Nutrition

Rating some top-selling diet books

Author: Canadian Living

Nutrition

Rating some top-selling diet books

You finally made the commitment and you're ready for a diet -- but what's next? Before you rush out to get the latest diet book, make sure you know what you're getting.

Nutritionist Leslie Beck has rated four of the most popular diet books on the market using a five-star system that breaks down as follows:

1 star - if the diet contains healthy foods or is nutritionally adequate
2 stars - if it's easy to follow and not cumbersome in terms of measuring
3 stars - if it educates about portion sizes and menu planning
4 stars - if it is sustainable over the long term
5 stars - if it also promotes exercise and other important factors associated with weight loss success

Beck's five-star rating is about making a lifestyle change, not a quick-fix success.

The Atkins Diet
Dr. Atkins' New Diet Revolution by Dr. Robert Atkins

"This is a low-carb diet," Beck explains. "For two weeks you basically give up carbohydrate foods. That means no dairy products, no fruit, no sweet vegetables and no starchy foods like grains, cereals or pasta."

It promotes high animal-fat foods such as meat, cream and butter, Beck says. After the induction phase, you gradually add back in five grams of carbohydrates every week. That's the cumbersome part, she explains. You constantly have to be counting all the carbs in your diet.

"Some of the drawbacks of this diet are that it's not sustainable in the long term," Beck says. "Eventually people will be adding back in carbs and what I've seen in my practice is people are doing that with high-fat foods as well. We know that a long-term intake of meat may increase the risk of colon and prostate cancer and there are experts who are very concerned that if you follow this diet for a long time, you're not getting fruits, vegetables, fibres and antioxidants, which means you may increase your risk for heart disease."

Beck's rating: 1-1/2 stars

The South Beach Diet
The South Beach Diet by Arthur Agatston

"It's a healthier version of the Atkins Diet," Beck says. "For two weeks, you eat no carbohydrates. But after those two weeks, this diet promotes the low glycemic index --  healthier carbohydrates that take longer to digest, things like fruits, dairy products and whole grains."

It doesn't promote foods that are high in animal fat. Instead it suggests fish, chicken and healthy fats.

"From that standpoint it's much healthier (than the Atkins Diet). It contains mostly healthy foods and it's easy to follow. The drawbacks of this diet is that it doesn't really educate very well about portion size when you add back in those healthy carbs."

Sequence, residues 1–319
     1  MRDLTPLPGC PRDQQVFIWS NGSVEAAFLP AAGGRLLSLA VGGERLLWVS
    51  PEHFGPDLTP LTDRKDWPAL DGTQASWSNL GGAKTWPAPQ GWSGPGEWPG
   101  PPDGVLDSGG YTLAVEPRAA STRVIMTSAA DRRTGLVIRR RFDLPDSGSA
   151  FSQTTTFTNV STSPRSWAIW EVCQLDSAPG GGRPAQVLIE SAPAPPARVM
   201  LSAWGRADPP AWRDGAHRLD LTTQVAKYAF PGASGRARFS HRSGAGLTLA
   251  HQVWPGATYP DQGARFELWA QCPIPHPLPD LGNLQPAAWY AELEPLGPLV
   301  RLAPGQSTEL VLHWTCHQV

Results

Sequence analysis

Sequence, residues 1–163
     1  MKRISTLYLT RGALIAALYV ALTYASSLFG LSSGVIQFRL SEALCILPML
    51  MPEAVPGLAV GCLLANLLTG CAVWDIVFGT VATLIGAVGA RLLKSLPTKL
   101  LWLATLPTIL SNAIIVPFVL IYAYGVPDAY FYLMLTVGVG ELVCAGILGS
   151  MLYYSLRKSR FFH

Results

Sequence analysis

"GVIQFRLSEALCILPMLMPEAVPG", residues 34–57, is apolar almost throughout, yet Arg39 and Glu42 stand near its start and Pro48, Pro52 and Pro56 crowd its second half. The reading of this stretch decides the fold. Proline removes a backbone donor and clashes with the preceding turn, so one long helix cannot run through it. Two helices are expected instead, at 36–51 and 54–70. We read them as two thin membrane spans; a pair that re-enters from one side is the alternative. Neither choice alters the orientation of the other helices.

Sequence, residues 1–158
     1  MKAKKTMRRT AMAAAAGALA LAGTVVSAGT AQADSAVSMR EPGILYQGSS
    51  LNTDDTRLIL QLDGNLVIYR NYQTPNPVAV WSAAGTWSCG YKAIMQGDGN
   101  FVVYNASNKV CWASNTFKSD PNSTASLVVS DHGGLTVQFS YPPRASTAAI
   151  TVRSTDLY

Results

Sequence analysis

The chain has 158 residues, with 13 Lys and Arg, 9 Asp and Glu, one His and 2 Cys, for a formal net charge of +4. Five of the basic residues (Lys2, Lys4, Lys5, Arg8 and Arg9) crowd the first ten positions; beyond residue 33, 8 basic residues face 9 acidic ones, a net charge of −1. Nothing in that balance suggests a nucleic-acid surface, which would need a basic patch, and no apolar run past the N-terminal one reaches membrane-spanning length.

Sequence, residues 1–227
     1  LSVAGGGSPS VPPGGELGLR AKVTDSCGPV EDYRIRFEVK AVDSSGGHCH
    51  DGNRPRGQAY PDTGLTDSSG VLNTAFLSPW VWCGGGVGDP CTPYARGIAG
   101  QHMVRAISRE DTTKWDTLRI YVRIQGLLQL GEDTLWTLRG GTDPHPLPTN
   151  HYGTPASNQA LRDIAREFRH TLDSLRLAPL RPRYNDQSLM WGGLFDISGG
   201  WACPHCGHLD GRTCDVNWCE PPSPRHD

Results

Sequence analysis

Beck's rating: 3 stars

The G.I. Diet
The G.I. Diet by Rick Gallop

"This is a well-balanced diet," Beck reports. "it doesn't exclude any food group and it really emphasizes low-fat meat, fish for the heart, as well as low glycemic index carbs."

This scored very high because it's practical, she added. The only drawback is it didn't provide a lot of good information about serving sizes and menu planning.

"It's very healthy. The author categorizes foods into red-light foods which are processed and high in fat and/or calories; green-light foods, which you can eat as much as you want to in the first phase, and they're all low glycemic index, very healthy foods."

Your dinner plate is divided into quadrants, a quarter for the protein, a quarter for the low glycemic starch and half for vegetables.

Beck's rating: 4 stars

The Ultimate Weight Solution
The Ultimate Weight Solution by Dr. Phil McGraw

"There's really nothing new here," Beck said. "It is based on mostly healthy foods that are associated with a lower risk of heart disease. The author promotes chicken, fish and low-fat foods."

Like the G.I. Diet, the plate is divided into quadrants, quarter protein, quarter starch and half vegetables.

"This diet really skims over nutrition in a simplistic way," Beck explained. "He takes the good, healthy foods and calls them 'high response' or 'high yield' foods -- foods that take longer to prepare, longer to chew and digest, and they're healthy so they're better for you. And the foods to avoid are the 'low yield' or 'low response' foods."

Beck's rating: 3 stars

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Nutrition

Rating some top-selling diet books

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